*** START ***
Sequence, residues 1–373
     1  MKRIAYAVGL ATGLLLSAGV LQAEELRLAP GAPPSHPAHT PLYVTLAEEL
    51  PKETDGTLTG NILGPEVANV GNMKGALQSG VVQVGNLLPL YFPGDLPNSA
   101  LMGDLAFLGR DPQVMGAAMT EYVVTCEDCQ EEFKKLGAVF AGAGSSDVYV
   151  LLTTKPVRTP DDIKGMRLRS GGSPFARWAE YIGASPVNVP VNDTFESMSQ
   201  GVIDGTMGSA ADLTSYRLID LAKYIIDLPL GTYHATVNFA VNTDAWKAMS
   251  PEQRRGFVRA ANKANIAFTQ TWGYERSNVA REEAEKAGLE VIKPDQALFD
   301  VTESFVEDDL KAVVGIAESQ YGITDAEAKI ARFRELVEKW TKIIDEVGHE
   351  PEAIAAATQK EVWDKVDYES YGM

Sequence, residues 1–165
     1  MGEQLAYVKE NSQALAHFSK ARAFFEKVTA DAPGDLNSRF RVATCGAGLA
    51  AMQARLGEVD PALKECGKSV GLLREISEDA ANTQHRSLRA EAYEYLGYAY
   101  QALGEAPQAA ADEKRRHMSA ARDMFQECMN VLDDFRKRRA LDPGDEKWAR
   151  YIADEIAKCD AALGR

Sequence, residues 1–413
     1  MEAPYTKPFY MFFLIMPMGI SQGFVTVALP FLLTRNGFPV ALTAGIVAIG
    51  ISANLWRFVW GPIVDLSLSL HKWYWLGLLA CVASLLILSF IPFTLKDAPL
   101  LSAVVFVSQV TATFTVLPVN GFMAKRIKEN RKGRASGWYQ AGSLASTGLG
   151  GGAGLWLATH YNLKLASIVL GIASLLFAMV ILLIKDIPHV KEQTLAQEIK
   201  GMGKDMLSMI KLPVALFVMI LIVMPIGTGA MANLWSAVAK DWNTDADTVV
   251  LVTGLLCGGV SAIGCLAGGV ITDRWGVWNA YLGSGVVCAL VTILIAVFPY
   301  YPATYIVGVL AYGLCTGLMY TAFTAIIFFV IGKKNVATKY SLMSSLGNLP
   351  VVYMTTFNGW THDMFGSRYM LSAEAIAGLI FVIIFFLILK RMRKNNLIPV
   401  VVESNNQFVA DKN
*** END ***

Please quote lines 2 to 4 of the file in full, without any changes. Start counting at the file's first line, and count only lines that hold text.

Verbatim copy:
     1  MKRIAYAVGL ATGLLLSAGV LQAEELRLAP GAPPSHPAHT PLYVTLAEEL
    51  PKETDGTLTG NILGPEVANV GNMKGALQSG VVQVGNLLPL YFPGDLPNSA
   101  LMGDLAFLGR DPQVMGAAMT EYVVTCEDCQ EEFKKLGAVF AGAGSSDVYV